Which is?

“Restlessness,” which has two faces. In its negative form it means not being able to be constant in committing to a project. It is living the instant satisfaction of my needs under the banner of spontaneity. But restlessness is not just this; in a positive sense, it is aspiring to something greater, being oriented to transcendence and not being satisfied with what is already known. When our consciousness is driven by an insatiable desire for repetition, to find the similarity in everything we encounter, we lose sight of reality and the individuality of others; we settle. Restlessness is that state of the soul that keeps you from settling.

Positive, therefore, because it opens you up. You may be surprised.

Exactly. Restlessness is a precarious balance, but existence itself is a precarious balance. If you are not hanging in this balance, you cannot move forward. Restlessness is the emotional hinge of existence: on one side it points to the negativity of never being satisfied and it makes you live life as fragmented moments involving a continual change of direction and plans; on the other, it offers you the possibility of looking at the essence of another person, his otherness. The fundamental ethical question, then, is how to remain in this precarious balance.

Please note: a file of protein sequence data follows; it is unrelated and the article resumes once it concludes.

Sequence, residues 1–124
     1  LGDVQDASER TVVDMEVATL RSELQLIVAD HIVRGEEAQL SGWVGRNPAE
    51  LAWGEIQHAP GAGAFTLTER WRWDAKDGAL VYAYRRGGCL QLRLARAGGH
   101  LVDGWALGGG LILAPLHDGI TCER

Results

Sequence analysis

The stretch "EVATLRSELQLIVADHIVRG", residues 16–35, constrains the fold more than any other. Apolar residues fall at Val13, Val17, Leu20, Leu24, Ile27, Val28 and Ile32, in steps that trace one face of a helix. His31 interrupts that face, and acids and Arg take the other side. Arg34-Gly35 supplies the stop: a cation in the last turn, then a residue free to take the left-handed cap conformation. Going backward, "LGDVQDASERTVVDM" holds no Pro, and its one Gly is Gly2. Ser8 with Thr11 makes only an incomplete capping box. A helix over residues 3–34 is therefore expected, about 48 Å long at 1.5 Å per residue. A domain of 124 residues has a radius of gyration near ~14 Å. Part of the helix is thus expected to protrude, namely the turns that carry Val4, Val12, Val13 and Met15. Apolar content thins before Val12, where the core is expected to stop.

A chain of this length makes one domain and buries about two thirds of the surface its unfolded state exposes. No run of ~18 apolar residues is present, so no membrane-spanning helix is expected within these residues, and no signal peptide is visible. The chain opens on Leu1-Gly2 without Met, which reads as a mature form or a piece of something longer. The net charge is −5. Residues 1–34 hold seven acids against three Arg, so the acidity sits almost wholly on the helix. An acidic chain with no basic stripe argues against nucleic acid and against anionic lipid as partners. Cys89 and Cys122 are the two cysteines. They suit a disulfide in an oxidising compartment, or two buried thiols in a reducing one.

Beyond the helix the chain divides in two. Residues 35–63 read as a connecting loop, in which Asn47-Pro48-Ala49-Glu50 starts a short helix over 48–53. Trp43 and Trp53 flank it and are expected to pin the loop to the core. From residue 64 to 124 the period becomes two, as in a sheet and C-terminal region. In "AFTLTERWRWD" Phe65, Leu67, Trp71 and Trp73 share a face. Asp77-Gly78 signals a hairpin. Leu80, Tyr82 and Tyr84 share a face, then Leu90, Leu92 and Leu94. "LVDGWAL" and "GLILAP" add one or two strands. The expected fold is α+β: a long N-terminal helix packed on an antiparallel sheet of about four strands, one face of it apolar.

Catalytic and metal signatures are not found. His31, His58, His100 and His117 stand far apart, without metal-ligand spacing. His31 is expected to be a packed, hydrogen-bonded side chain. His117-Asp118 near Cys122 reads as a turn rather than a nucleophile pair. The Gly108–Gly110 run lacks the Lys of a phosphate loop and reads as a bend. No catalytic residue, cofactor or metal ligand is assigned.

And how do you do this?

Those with faith do it through faith, which is naturally related to restlessness. For the rest, some may think they can manage to remain in this restlessness without faith.

Is that possible?

I will not be the one to give an answer. In religious terms, you could say it would be living in an eternal advent.

Of waiting, in that sense?